Clay County has always been a country county with wide expanses of forests punctuated with fields.
The first big attempts to clear land were made in the British period (1763-1783), mainly on the Upper & Lower Crisp (Orange Park area), Hibernia (Fleming Island), and the Tonyn plantation (Black Creek). Indigo and sugar were the main crops. Indigo was abandoned after a severe drought, but it is still rumored to be seen growing wildly in the county. Sugar remained a focus during the Spanish period, and continues even to this day on a few family farms.
As most folks know who live around here, Orange groves dotted the landscape. Palatka was covered with oranges, and small groves stretched all the way up to Orange Park, where there was another concentration of groves. The freeze of 1895 killed both the groves and the local spirit for cultivating citrus.
Exports were shipped by steamboat and then by rail when the Jacksonville, Tampa, & Key West Railroad arrived just before the turn of the century. Later, as the roads improved slightly, "truck farming" became important.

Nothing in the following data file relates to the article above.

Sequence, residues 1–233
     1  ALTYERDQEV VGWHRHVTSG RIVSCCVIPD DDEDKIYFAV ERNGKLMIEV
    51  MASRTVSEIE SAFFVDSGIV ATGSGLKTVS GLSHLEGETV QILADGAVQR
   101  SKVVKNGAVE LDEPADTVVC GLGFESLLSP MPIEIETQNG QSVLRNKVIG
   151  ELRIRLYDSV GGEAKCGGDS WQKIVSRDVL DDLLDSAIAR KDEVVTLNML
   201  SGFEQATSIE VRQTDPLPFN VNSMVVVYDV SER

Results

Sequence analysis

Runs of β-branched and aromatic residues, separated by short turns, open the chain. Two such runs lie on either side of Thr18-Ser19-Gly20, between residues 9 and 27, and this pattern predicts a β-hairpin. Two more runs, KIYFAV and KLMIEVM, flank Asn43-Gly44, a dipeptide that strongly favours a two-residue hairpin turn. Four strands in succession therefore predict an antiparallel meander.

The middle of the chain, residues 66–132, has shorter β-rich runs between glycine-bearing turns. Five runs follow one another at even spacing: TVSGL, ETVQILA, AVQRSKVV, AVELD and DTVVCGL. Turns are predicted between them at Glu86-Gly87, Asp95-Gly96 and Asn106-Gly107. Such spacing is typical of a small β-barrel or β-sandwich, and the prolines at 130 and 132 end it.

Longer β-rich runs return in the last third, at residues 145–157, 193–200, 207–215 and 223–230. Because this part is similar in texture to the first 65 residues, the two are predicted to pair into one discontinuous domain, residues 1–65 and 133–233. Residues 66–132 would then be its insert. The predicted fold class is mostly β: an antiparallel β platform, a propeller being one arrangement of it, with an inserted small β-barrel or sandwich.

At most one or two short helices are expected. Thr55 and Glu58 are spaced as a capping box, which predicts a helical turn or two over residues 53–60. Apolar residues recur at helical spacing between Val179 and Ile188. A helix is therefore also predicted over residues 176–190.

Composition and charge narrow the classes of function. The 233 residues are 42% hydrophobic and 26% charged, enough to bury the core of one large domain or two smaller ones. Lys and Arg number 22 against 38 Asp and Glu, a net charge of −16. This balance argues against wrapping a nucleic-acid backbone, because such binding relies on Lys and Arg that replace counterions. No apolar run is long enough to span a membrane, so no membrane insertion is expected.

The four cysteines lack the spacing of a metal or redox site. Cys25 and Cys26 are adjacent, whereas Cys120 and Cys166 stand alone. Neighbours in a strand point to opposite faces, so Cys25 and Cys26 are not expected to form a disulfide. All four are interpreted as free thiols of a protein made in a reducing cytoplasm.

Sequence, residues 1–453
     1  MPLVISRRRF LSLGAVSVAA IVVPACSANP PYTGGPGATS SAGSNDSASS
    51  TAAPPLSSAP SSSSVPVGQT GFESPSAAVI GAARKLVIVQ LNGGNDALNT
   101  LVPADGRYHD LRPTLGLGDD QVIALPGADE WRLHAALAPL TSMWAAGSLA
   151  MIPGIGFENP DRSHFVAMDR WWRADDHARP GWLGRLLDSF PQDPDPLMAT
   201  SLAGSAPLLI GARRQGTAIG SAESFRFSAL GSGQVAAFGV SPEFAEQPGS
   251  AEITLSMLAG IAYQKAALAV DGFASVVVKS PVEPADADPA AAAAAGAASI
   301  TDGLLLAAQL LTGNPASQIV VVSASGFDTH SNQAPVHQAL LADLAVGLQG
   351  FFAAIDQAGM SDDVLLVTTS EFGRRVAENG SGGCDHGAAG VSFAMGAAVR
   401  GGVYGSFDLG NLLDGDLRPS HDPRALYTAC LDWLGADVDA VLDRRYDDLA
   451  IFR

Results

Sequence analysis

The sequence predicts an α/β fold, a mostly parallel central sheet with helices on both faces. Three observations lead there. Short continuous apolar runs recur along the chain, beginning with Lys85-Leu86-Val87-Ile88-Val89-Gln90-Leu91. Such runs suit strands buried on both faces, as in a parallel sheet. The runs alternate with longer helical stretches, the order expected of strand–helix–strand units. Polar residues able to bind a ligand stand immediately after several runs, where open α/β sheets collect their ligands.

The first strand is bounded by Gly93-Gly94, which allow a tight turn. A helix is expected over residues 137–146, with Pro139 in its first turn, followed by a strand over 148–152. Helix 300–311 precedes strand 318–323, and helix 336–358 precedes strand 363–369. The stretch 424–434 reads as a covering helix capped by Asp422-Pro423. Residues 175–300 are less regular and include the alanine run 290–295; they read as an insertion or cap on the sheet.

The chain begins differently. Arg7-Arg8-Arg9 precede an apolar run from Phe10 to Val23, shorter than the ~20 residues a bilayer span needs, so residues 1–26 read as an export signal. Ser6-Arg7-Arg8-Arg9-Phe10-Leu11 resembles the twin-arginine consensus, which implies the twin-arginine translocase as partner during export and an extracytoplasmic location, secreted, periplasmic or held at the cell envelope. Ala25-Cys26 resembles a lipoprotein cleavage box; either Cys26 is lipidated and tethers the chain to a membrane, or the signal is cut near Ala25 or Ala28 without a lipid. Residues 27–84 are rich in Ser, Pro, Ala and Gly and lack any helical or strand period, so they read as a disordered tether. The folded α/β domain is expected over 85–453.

Several large land companies attempted to attract farming immigrants, most notable at Penney Farms.
from the photo collection at the Archives . . .
Knee-High isn't good enough in Clay County
Truck Farming in Melrose
Potato Farming in Middleburg
Orange Grove at Orange Park
The entire county is sand (9), punctuated with sandy loam (4, 5 & 6).
[1920 Dept of Chemistry and Soils]
The 1917 Agricultural Year
We have some statistics for this year from "The East Florida Annual 1915 1916". Its pretty clear that with more than 300,000 acres in the county, and less than 5,000 acres planted, we weren't at that time a farming area.
The Archives is pleased to have in its collection several agricultural pamplets including:
* Walkill Farms
* Florida Farms & Industries
* Penney Farms